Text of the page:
When my rheumatologist left her clinic, I chose to find a new one. I found a wonderful doctor at the Oklahoma Center for Arthritis and Research. Thank you, Dr. Z! She has worked with me to find what’s wrong and to treat it. She also told me when someone has one autoimmune disease, s/he is more likely to get another one. She got my records and decided to run some more tests. I still dread needles, but I am getting good at letting people poke me (especially when I usually have 5-9 vials of blood taken at a time J). I think it was my second appointment when told me I’d tested positive for lupus. I wasn’t sure how to react: I’d heard of it, but I knew little about it. I immediately began educating myself, including all the horror and success stories. She and I have tried several paths, including many natural treatments, and have settled on Plaquenil (medication for malaria, which carries its own toxicity risks) and Benlysta (a once a month infusion which suppresses my immune system, leaving me open to other illnesses). I just started Benlysta in January 2015.

I finished off 2013-2014. Thank God for my students. For a while, my feet were too painful to do much walking and my hands were so swollen and painful I couldn’t hold a pen, making grading nearly impossible. They helped me come up with creative solutions for grading and feedback. They were patient when I took months to return research papers—something I normally grade extensively with copious feedback. They wrote notes for me when I couldn’t. When I was so tired and in pain I couldn’t walk around the room as I normally do, they came to me. They forgave me for my limitations—not that they thought I needed forgiveness, but I sure apologized anyway. My students are such beautiful and amazing people. They worked and met my every expectation even when I had to miss class. I could not have made it through this without them and the community of Sperry.

We relocated to Oklahoma City in June for my husband’s job. Thankfully, I was able to take a year off to deal with this crappy disease. I didn’t want time off, but I had to. I have found new strengths, but I have also discovered new weaknesses—dark places to which I don’t like to admit. I am a driven person, a person who was born to educate. Not fulfilling that role or earning money or positively contributing to society was a major blow. I have done some type of work since I was ten. I am a horrible sick person, plus I deal with depression, which can be exacerbated by lupus. Yes, it hit me like a ton of bricks this winter. Insomnia coupled with depression is an ugly place to find oneself. I have some ugly thoughts scribbled on scraps of paper hidden in my dresser. Thankfully, I wasn’t suicidal, but I did flirt with the monster.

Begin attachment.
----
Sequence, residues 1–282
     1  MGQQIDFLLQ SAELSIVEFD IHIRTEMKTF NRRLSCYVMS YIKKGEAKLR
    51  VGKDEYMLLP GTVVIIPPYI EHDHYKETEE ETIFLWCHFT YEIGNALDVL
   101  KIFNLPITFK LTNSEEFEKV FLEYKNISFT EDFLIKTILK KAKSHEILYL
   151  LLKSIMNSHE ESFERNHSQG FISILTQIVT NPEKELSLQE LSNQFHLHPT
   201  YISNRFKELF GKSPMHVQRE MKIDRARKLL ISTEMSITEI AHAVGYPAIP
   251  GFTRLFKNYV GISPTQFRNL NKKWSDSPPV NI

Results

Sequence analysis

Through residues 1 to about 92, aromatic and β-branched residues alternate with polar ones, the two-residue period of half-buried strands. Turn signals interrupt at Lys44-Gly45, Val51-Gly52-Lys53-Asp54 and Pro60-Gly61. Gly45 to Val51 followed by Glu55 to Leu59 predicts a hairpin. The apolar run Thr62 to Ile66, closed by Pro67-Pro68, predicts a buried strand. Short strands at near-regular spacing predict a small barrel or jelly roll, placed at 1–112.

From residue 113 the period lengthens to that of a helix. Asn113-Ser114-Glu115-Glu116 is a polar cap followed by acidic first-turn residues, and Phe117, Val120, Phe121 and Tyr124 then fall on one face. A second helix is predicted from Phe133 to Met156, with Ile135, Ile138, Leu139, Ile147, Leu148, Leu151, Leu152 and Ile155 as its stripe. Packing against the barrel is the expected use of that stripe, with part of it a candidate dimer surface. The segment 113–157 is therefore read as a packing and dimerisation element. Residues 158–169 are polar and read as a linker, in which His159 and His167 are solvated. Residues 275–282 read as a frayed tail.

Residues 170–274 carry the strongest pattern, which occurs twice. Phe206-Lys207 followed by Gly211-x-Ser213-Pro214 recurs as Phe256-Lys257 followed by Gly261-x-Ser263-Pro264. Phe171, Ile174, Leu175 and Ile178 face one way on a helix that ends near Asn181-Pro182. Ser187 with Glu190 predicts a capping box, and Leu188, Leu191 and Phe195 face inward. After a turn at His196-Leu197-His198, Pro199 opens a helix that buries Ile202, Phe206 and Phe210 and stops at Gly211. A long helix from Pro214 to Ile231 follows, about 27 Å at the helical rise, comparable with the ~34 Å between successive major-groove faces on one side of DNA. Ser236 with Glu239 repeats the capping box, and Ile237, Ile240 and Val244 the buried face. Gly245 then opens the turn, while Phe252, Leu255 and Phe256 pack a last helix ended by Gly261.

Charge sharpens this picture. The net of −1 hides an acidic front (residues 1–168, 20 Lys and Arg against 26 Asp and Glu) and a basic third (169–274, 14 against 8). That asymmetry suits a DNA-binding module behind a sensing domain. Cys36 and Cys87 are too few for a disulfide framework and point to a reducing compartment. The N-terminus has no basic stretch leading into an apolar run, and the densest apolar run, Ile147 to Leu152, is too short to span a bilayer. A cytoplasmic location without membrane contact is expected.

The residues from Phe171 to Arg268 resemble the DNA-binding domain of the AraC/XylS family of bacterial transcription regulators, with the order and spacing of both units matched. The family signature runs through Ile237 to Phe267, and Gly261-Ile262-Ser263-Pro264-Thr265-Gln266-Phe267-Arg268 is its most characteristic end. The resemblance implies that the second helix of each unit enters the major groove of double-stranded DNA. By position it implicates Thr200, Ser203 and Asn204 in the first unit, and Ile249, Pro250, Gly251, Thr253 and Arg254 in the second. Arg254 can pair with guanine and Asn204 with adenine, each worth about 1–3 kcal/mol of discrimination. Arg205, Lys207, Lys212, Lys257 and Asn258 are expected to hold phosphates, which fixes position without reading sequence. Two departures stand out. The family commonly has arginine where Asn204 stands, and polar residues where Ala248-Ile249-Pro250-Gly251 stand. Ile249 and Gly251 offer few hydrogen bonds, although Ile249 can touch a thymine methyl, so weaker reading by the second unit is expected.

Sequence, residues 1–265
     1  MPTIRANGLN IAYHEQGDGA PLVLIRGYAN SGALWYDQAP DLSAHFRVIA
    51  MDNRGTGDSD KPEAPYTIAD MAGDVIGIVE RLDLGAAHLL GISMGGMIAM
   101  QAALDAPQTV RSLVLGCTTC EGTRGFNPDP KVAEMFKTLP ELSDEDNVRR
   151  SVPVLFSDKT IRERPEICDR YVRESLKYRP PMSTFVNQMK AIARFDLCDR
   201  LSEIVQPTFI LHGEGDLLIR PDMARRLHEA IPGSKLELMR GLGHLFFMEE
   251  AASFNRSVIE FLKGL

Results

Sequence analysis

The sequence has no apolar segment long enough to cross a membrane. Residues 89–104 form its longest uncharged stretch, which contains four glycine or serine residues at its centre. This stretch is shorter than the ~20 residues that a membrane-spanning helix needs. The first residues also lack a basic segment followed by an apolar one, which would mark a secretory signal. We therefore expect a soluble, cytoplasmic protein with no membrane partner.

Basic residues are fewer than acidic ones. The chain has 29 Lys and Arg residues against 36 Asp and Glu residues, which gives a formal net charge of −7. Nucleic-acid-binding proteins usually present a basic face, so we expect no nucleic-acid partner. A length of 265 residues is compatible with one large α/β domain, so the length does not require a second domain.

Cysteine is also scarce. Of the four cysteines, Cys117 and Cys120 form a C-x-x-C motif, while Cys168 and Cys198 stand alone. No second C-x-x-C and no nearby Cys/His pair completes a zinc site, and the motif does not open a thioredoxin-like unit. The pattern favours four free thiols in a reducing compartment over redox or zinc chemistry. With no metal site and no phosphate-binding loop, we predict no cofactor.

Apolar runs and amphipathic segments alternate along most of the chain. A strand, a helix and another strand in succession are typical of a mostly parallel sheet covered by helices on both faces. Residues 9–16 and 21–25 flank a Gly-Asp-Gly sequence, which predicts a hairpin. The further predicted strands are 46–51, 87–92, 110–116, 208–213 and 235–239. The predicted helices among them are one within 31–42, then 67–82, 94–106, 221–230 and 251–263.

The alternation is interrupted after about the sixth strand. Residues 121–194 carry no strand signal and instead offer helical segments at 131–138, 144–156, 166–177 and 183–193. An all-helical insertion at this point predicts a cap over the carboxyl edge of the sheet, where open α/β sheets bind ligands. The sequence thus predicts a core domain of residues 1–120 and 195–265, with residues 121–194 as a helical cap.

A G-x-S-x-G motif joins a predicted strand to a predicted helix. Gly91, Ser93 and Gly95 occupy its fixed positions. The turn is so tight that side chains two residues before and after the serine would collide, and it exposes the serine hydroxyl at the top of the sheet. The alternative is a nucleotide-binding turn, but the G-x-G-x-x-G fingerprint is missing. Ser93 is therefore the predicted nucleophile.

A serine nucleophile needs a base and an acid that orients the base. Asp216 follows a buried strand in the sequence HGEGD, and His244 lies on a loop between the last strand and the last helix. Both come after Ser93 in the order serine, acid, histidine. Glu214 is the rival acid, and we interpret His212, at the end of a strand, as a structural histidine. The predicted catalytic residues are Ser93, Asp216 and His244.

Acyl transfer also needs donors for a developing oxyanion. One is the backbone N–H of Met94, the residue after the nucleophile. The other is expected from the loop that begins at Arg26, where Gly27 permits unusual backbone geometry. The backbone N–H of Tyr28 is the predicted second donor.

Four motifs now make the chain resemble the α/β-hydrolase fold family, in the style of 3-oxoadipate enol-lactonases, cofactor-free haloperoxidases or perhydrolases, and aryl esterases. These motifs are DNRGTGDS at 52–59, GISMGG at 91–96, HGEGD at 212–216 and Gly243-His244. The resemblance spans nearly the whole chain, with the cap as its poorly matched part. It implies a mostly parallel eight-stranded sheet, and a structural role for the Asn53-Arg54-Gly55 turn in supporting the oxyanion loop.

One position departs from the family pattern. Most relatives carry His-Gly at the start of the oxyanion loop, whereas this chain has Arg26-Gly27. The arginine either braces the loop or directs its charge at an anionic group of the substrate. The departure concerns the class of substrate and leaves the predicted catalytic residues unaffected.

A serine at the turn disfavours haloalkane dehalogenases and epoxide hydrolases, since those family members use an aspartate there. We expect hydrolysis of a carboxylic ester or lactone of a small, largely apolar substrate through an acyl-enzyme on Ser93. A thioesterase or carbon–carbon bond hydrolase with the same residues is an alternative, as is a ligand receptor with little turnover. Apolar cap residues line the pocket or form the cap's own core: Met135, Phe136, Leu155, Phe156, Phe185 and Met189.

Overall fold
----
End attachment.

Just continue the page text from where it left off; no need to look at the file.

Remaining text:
I believe God found me a job at Piedmont. How often to AP positions open up, especially at such a competitive school? I am so excited to head back to the classroom (now Oklahoma has 799 positions open instead of 800—sorry, bad joke). If God provided this job, He will help me, but I cannot help looking at my mortality again. Lupus has so many possible symptoms: crippling fatigue and “arthritis” are my nemeses (I have also had to embrace a vampire lifestyle since I’m hyper-sensitive to the sun, and the sun can cause flair-ups). Fatigue is especially frustrating to someone like me. For example, I was busy with meetings from 9-noon today. By the time I got home, I wanted a nap. How in the hell am I going to be able to teach? I am also an introvert who already has to have alone time after spending the day with people. How am I going to cope? But, how can I cope if I don’t go back into the classroom? I worry I will have to use so much energy and effort to simply get through the day that I will not have enough left to give my students what each of them needs and deserves.

I have to be real and look at myself in the mirror and admit I am not a superhero, I am simply a human being working to overcome the seemingly insurmountable in order to better society. Now, does someone have a radioactive spider or toxic waste I could use? Maybe I’ll discover those superpowers…


  1. Hi, I found your blog through #oklaed tonight and wow, we have similar stories! Long story short, I'm a teacher with RA. I've been though several meds and they all fail. Right I'm ok, a steroid shot and Xeljanz have me closer to normal than I have been in years. Keep fighting and keep blogging.

  2. I feel your pain--pun intended. :-) Thank you for connecting. Sometimes chronic pain/illnesses force you to be "selfish" (as you take care of yourself) and makes you feel alone. I appreciate knowing there's another teacher warrior out there! Keep fighting!